a.The establishment of parliamentary democracies throughout Europe.
b.guarantees of the human rights of minorities and political dissenters.
c.An international organization to guarantee collective security.
d.Freedom of travel without restrictions.
___4. The purpose of George Creel’s Committee on Public Information was
a.To develop information on American wartime industrial production.
b.To whip up public support for the war and promote anti-German propaganda.
c.To develop counterintelligence information on German spies and saboteurs in the United States.
d.to receipt volunteers for the armed forces.
___ 5. The two key laws aimed at enforcing loyalty and suppressing antiwar were
a.The war Mobilization Act and the National Defense Act.
b.The Selective Service Act and the Public Information Act.
c.The Eighteenth amendment and the Anti-German Language Act.
d.the Espionage Act and the Sedition Act.
___6. Among the primary victims of the pro-war propaganda campaign to enforce loyalty were
a.German-Americans and socialists.
b.Russian-Americans and communists.
c.Mexican-Americans and immigrants.
d.African-Americans and feminists.
___ 7. Among the political changes the war helped bring about was
a.A constitutional amendment granting women the right to vote.
b.A law granting labor unions the right to strike.
c.A constitutional amendment guaranteeing African-Americans the right to travel freely.
d.A constitutional amendment prohibiting child labor.
___ 8. Particularly violent strikes erupted during and after World War I in the
a.Shipping and railroad industries.
b.Mining and steel industries.
c.Textile and clothing manufacturing industries.
d.Factories employing women war workers.
___ 9. During World War I, African-American military men served primarily in
a.segregated, non-combat support units.
b.The navy and the coast guard.
c.The most dangerous trenches in northern France.
d.In northern cities where their presence did not threaten the system of segregation
___10. A major difference between the World War I Selective Service Act and the Civil War Draft was that
a.In World War I women as well as men were drafted.
b.In World War I it was not possible to purchase an exemption or to hire a substitute.
c.In World War I draftees were guaranteed that they would not be sent into front-line combat.
d.In World War I draftees received the same training as professional soldiers.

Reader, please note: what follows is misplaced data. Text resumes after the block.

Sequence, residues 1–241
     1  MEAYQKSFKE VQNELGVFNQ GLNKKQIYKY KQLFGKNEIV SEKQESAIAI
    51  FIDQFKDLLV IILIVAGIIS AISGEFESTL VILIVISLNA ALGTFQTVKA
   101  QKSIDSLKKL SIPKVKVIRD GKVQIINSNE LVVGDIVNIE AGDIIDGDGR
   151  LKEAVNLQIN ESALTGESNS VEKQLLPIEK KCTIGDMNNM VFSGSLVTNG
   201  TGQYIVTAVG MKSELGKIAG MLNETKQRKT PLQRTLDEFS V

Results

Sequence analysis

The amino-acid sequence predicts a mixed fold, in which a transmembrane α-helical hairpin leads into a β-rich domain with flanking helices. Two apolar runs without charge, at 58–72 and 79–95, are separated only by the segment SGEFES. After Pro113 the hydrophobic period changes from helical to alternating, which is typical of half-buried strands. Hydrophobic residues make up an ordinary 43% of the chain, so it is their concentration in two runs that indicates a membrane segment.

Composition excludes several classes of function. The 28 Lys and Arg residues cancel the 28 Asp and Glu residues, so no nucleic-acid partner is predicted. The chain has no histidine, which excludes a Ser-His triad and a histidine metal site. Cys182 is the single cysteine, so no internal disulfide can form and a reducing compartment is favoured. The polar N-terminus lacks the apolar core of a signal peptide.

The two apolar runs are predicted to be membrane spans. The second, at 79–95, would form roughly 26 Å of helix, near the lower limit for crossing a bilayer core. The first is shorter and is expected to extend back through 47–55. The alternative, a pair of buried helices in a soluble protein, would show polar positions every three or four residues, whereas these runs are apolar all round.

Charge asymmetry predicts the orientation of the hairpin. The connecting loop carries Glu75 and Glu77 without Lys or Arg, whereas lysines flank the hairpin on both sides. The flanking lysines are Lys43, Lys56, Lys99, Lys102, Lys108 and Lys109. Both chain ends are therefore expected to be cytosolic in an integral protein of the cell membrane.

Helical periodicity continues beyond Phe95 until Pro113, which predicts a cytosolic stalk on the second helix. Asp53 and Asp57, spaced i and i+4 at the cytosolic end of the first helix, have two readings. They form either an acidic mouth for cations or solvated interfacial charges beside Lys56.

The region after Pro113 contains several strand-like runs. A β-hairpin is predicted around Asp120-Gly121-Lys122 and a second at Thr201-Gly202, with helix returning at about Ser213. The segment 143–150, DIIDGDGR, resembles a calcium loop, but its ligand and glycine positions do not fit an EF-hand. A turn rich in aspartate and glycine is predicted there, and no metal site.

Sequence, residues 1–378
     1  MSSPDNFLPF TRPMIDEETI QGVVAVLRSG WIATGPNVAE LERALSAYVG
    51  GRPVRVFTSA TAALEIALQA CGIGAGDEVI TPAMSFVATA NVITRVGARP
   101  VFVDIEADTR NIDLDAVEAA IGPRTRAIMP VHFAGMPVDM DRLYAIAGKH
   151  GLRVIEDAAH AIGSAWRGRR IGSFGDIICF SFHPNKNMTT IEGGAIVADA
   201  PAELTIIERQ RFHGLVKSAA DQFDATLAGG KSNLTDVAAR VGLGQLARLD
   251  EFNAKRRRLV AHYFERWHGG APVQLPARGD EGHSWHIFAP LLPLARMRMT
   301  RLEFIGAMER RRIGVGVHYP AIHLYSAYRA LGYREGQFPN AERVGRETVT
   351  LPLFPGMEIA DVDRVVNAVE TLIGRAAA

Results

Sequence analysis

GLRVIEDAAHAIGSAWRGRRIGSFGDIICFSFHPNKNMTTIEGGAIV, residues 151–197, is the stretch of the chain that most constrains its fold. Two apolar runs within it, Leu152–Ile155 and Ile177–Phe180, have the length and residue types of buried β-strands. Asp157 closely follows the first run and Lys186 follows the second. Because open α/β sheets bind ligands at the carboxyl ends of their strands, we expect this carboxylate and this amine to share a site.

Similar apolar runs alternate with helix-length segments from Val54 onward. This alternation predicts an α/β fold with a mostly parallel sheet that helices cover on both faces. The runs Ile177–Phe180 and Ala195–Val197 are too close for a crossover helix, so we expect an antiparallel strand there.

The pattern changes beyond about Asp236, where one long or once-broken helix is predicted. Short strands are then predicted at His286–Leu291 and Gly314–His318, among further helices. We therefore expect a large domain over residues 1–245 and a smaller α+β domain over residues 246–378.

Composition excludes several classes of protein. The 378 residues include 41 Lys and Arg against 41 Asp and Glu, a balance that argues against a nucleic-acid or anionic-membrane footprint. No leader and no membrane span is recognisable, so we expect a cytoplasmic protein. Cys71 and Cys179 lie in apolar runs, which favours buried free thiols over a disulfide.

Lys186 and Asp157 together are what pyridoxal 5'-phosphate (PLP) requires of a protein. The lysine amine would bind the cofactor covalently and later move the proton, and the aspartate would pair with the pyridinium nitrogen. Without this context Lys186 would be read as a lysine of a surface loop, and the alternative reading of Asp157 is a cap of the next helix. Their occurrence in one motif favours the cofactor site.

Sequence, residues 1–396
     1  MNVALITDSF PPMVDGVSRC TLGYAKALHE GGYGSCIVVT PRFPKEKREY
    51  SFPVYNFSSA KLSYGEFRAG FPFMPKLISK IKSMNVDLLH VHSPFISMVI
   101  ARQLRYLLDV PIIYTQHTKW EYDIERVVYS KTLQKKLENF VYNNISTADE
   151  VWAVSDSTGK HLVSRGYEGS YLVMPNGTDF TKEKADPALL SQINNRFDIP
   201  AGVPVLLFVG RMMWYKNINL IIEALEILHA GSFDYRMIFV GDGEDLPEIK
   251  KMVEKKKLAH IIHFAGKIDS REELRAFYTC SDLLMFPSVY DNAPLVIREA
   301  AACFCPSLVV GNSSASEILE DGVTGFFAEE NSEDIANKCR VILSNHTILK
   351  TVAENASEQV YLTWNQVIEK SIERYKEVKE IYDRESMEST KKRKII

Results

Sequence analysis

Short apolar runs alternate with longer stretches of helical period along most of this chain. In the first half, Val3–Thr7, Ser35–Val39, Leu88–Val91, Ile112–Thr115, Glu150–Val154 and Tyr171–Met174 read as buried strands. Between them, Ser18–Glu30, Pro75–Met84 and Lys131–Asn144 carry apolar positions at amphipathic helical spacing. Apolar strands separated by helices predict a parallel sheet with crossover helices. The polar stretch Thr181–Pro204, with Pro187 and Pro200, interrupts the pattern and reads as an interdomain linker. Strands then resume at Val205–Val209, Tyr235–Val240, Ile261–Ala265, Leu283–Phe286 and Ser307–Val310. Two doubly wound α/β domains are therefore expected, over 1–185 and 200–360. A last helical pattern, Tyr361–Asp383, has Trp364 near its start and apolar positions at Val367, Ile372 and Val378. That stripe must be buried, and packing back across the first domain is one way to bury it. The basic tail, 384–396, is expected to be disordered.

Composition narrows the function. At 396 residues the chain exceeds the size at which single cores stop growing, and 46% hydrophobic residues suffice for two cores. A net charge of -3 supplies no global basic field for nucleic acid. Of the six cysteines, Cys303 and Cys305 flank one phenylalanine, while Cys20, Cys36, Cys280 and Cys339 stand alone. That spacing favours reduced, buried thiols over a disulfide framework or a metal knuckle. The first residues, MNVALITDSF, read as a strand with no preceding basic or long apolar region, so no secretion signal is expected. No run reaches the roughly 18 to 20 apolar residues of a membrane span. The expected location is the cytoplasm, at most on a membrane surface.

___11. American soldiers were especially needed in France in the spring of 1918 because
a.The Allied invasion of Germany was faltering short of its goal.
b.Britain had moved many of its soldiers from the western front to Russia.
c.A renewed German invasion was threatening Paris.
d.The Russians had just entered the war on the Germans’ side.
___12. Most of the military supplies for General Perishing’s expeditionary force came from
a.Americas European allies.
b.Factories in the United States.
c.captured German materiel.
d.Britain’s colonials in Africa.
___13. Wilson blundered when choosing the American peace delegation by failing to
a.Have a set of clear diplomatic plans.
b.include any Republicans in the delegation.
c.Consult with key Allies, Britain and France.
d.Become personally involved in the peace process.
___14. The European powers and Japan weakened Wilson at the peace conference by
a.refusing to support him proposed League of Nations.
b.denouncing the Republicans who were criticizing Wilson at home.
c.Rejecting any continuing American involvement in European affairs
d.Forcing him to compromise his ideals on matters of self-determination and punishment of Germany.
___15. Wilson bore considerable responsibility for the failure of the United States to join the League of Nations because
a.He finally withdrew his own support for the league.
b.Her ordered Democratic senators to defeat the pro-League treaty with the Lodge reservations.
c.He failed to take the case for the League to the American public.
d.He demanded that America pay too high a percentage of the cost of the League.
C.Identification - Supply the correct identification for each numbered description.
______1. Wilson’s appeal to all the belligerents in January 1917, just before the
Germans resumed submarine warfare
______2. Message that contained a German proposal to Mexico for an Anti-
______3. Wilson’s idealistic statement of American was aims in January 1918 that inspired the Allies and demoralized their enemies.
______4. American government propaganda agency that aroused zeal for Wilson’s ideals and
whipped up hatred for the kaiser.
______5. Radical antiwar labor union whose members were prosecuted under the Espionage and
______6. Weak federal agency designed to organize and coordinate U.S. industrial production for
the war effort.
______7. Constitutional provision endorsed by Wilson as a war measure whose refraction
achieved a long-sought goal for American women.
______8. Treasury Department bond-selling drives that raised about $21 billion to finance the American war effort
______9. The nations that dominated the Paris Peace Conference—namely, Britain, France, Italy,
and the United States.
______10. The proposed international body that, to Wilson, constituted the key provision of the Versailles treaty.
______11. Controversial peace agreement that compromised many of Wilson’s Fourteen Points
but retained his League.
______12. Senatorial committee whose chairman used delaying tactics and hostile testimony to develop opposition to Wilson’s treaty and League of Nations
______13. A hard core of isolationist senators who bitterly opposed any sort of league; also
called the “Battalion of Death”
______14. Amendments to the proposed Treaty of Versailles, sponsored by Wilson’s hated
senatorial opponent, that attempted to guarantee America’s sovereign rights in relation
to the League of Nations.
______15. Wilson’s belief as to what the presidential election of 1920 would be, if it were
presented as a direct popular vote on the League
D.Matching People, Places, and Events
Match the person, place, or event in the left column with the proper description in the right column by inserting the correct letter on the blank line.
___1. George Creel___9. Woodrow Wilson
___2. Eugene V. Debs___10.Henry Cabot Lodge
___3 Bernard Baruch___11. Georges Clemenceau
___4. Herbert Hoover___12. William Borah